# wneumann's solution

## to Say in the Swift Track

Published at Jul 11 2019 · 0 comments
Instructions
Test suite
Solution

Given a number from 0 to 999,999,999,999, spell out that number in English.

## Step 1

Handle the basic case of 0 through 99.

If the input to the program is `22`, then the output should be `'twenty-two'`.

Your program should complain loudly if given a number outside the blessed range.

Some good test cases for this program are:

• 0
• 14
• 50
• 98
• -1
• 100

### Extension

If you're on a Mac, shell out to Mac OS X's `say` program to talk out loud.

## Step 2

Implement breaking a number up into chunks of thousands.

So `1234567890` should yield a list like 1, 234, 567, and 890, while the far simpler `1000` should yield just 1 and 0.

The program must also report any values that are out of range.

## Step 3

Now handle inserting the appropriate scale word between those chunks.

So `1234567890` should yield `'1 billion 234 million 567 thousand 890'`

The program must also report any values that are out of range. It's fine to stop at "trillion".

## Step 4

Put it all together to get nothing but plain English.

`12345` should give `twelve thousand three hundred forty-five`.

The program must also report any values that are out of range.

### Extensions

Use and (correctly) when spelling out the number in English:

• 14 becomes "fourteen".
• 100 becomes "one hundred".
• 120 becomes "one hundred and twenty".
• 1002 becomes "one thousand and two".
• 1323 becomes "one thousand three hundred and twenty-three".

## Setup

Go through the project setup instructions for Xcode using Swift:

http://exercism.io/languages/swift
http://exercism.io/languages/swift/tests

Notably from the source directory:

`swift test` runs tests
`swift package generate-xcodeproj` creates an Xcode project

## Source

A variation on JavaRanch CattleDrive, exercise 4a http://www.javaranch.com/say.jsp

## Submitting Incomplete Solutions

It's possible to submit an incomplete solution so you can see how others have completed the exercise.

### LinuxMain.swift

``````import XCTest
@testable import SayTests

XCTMain([
testCase(SayTests.allTests),
])``````

### SayTests.swift

``````import XCTest
@testable import Say

class SayTests: XCTestCase {

func testZero() {
XCTAssertEqual("zero", Say.say(0))
}

func testOne() {
XCTAssertEqual("one", Say.say(1))
}

func testFourteen() {
XCTAssertEqual("fourteen", Say.say(14))
}

func testTwenty() {
XCTAssertEqual("twenty", Say.say(20))
}

func testTwentyTwo() {
XCTAssertEqual("twenty-two", Say.say(22))
}

func testOneHundred() {
XCTAssertEqual("one hundred", Say.say(100))
}

func testOneHundredTwentyThree() {
XCTAssertEqual("one hundred twenty-three", Say.say(123))
}

func testOneThousand() {
XCTAssertEqual("one thousand", Say.say(1_000))
}

func testOneThousandTwoHundredThirtyFour() {
XCTAssertEqual("one thousand two hundred thirty-four", Say.say(1_234))
}

func testOneMillion() {
XCTAssertEqual("one million", Say.say(1_000_000))
}

func testOneMillionTwoThousandThreeHundredFortyFive() {
XCTAssertEqual("one million two thousand three hundred forty-five", Say.say(1_002_345))
}

func testOneBillion() {
XCTAssertEqual("one billion", Say.say(1_000_000_000))
}

func testABigNumber() {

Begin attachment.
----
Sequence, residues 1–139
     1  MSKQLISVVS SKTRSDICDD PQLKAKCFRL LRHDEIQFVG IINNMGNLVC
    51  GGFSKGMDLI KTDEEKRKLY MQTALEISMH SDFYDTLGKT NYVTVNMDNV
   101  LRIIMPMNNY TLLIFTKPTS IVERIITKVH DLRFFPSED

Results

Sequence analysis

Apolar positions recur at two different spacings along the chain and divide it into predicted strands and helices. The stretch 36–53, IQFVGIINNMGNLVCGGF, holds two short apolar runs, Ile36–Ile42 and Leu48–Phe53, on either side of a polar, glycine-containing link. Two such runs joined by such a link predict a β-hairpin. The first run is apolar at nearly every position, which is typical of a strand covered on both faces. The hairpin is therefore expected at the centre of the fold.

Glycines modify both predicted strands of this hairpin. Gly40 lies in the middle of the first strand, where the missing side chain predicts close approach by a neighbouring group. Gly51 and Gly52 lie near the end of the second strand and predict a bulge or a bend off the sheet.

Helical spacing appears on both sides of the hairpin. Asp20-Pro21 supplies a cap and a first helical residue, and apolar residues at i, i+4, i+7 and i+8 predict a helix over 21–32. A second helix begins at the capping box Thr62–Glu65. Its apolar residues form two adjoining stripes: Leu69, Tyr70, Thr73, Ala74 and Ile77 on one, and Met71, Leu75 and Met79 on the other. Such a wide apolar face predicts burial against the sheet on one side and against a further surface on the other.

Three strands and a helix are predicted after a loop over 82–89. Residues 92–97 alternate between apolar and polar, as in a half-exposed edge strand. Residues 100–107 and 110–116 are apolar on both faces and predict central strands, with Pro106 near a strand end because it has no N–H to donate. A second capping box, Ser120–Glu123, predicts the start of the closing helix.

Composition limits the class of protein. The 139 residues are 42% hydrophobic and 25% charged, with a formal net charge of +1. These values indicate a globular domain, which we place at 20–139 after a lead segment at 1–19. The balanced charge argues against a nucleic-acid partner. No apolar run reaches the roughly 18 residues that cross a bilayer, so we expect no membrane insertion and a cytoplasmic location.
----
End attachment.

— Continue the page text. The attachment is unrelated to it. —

XCTAssertEqual("nine hundred eighty-seven billion six hundred fifty-four million three hundred twenty-one thousand one hundred twenty-three", Say.say(987_654_321_123))
}

func testNumbersBelowZeroAreOutOfRange() {
XCTAssertNil(Say.say(-1))
}

func testNumbersAbove999999999999AreOutOfRange() {
XCTAssertNil(Say.say(1_000_000_000_000))
}

static var allTests: [(String, (SayTests) -> () throws -> Void)] {
return [
("testZero", testZero),
("testOne", testOne),
("testFourteen", testFourteen),
("testTwenty", testTwenty),
("testTwentyTwo", testTwentyTwo),
("testOneHundred", testOneHundred),
("testOneHundredTwentyThree", testOneHundredTwentyThree),
("testOneThousand", testOneThousand),
("testOneThousandTwoHundredThirtyFour", testOneThousandTwoHundredThirtyFour),
("testOneMillion", testOneMillion),
("testOneMillionTwoThousandThreeHundredFortyFive", testOneMillionTwoThousandThreeHundredFortyFive),
("testOneBillion", testOneBillion),
("testABigNumber", testABigNumber),
("testNumbersBelowZeroAreOutOfRange", testNumbersBelowZeroAreOutOfRange),
("testNumbersAbove999999999999AreOutOfRange", testNumbersAbove999999999999AreOutOfRange),
]
}
}``````
``````import Foundation

enum Say {
static let digits = ["", "one", "two", "three", "four", "five", "six", "seven", "eight", "nine"]
static let tens = ["", "", "twenty", "thirty", "forty", "fifty", "sixty", "seventy", "eighty", "ninety"]
private static func sayHundreds(_ val: Int) -> String {
guard 1..<1000 ~= val else { fatalError() }
let h = val / 100, t = val % 100
var phrase = h > 0 ? Say.digits[h] + " hundred " : ""
switch t {
case 0: ()
case 1..<10: phrase += Say.digits[t]
case 10: phrase += "ten"
case 11: phrase += "eleven"
case 12: phrase += "twelve"
case 13: phrase += "thirteen"
case 14..<20: phrase += ("\(Say.digits[t-10])teen")
default:
let d = t % 10
phrase += Say.tens[t / 10]
if d > 0 { phrase += "-\(Say.digits[d])" }
}

return phrase.trimmingCharacters(in: .whitespaces)
}

static func say(_ number: Int) -> String? {
guard 0..<1_000_000_000_000 ~= number else { return nil }
if number == 0 { return "zero" }
var segments = [Int](), num = number

while num > 0 {
segments.append(num % 1000)
num /= 1000
}
return zip(segments,["", "thousand", "million", "billion"])
.filter { \$0.0 > 0 }
.reversed()
.map { "\(Say.sayHundreds(\$0.0)) \(\$0.1)" }
.joined(separator: " ")
.trimmingCharacters(in: .whitespaces)
}

}``````